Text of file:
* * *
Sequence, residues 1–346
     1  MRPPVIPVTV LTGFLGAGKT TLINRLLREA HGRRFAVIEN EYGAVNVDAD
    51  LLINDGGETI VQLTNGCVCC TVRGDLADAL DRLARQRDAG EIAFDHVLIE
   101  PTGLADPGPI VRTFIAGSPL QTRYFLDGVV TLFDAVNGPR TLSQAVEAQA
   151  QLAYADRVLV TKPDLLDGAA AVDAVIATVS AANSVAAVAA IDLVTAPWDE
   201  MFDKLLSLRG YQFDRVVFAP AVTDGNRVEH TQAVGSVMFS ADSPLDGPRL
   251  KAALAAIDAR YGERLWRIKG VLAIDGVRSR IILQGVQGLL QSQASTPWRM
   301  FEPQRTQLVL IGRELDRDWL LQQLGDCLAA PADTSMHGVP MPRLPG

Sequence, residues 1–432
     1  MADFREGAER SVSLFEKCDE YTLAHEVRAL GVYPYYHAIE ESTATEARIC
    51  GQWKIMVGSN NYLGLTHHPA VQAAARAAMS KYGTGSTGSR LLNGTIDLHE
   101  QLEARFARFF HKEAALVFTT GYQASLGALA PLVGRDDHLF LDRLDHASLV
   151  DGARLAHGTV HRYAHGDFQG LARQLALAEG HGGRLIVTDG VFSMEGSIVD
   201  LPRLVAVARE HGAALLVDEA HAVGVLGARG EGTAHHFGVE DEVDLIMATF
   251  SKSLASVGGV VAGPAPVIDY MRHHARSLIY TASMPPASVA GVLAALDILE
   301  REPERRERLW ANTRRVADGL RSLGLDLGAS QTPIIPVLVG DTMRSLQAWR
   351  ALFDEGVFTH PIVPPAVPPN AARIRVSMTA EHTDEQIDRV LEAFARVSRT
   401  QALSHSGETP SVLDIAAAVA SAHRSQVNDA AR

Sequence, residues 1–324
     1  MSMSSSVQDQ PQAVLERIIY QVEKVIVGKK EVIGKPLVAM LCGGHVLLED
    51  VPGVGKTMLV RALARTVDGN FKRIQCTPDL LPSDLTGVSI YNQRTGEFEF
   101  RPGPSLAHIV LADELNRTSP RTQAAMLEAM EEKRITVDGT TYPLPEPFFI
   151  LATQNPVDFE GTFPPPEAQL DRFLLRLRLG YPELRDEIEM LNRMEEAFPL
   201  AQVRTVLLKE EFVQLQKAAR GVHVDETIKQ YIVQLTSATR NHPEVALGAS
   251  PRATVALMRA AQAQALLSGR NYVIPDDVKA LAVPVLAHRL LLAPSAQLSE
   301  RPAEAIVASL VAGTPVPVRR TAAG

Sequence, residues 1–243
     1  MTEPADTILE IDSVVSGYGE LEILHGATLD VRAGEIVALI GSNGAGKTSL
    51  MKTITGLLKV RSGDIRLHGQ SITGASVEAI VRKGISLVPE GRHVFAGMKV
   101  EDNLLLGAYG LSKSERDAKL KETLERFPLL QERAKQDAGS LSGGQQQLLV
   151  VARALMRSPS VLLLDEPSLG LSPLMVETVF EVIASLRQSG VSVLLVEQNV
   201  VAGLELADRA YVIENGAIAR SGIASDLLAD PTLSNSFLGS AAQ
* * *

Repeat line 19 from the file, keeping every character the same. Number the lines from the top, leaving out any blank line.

Sequence, residues 1–324